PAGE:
Sickle cell disease is a genetic disease. After someone has been born with two copies of the problem gene, there is no way to reduce the risk of that person developing the disease.
Before your baby is conceived, you can take steps to determine whether you and/or your partner carry the sickle cell trait. Consulting with a genetic counselor will help you determine the chances of you and your partner conceiving a baby with sickle cell disease.
After a baby is conceived, prenatal testing can determine whether a baby has sickle cell disease. While this won’t change whether or not the baby has the disease, it can prepare you to care for the baby and obtain the best medical treatment possible.
This content is reviewed regularly and is updated when new and relevant evidence is made available. This information is neither intended nor implied to be a substitute for professional medical advice. Always seek the advice of your physician or other qualified health provider prior to starting any new treatment or with questions regarding a medical condition.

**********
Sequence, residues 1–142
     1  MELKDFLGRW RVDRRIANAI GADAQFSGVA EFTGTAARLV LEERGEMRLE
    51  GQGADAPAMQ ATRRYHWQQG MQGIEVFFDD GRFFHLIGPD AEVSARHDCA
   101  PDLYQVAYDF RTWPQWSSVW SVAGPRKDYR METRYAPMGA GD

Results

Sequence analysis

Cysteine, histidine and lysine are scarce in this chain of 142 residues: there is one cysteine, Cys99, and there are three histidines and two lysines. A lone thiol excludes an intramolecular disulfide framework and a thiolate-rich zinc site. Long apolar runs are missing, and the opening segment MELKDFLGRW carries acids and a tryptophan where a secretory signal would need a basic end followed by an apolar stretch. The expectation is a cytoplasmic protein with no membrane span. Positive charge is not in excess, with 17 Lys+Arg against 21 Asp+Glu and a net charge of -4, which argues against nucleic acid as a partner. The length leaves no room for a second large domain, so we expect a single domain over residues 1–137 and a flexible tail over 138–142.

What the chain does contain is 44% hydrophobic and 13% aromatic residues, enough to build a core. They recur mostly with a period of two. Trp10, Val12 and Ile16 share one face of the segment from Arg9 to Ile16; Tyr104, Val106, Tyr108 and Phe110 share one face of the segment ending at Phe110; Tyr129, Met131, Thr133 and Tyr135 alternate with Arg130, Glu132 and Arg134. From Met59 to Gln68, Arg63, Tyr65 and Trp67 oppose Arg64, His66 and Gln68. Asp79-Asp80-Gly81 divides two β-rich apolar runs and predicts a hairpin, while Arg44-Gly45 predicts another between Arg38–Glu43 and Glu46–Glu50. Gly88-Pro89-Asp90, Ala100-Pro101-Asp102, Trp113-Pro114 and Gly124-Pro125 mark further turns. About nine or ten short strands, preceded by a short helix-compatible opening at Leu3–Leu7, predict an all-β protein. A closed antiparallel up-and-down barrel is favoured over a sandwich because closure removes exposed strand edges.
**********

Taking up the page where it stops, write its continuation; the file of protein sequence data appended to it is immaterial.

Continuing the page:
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Sickle cell disease (SCD). Centers for Disease Control and Prevention website. Available at:
http://www.cdc.gov/ncbddd/sicklecell/index.html. Updated September 27, 2012. Accessed July 1, 2013.
What is sickle cell anemia?
National Heart, Lung, and Blood Institute
website. Available at:
Updated September 28, 2012. Accessed July 1, 2013.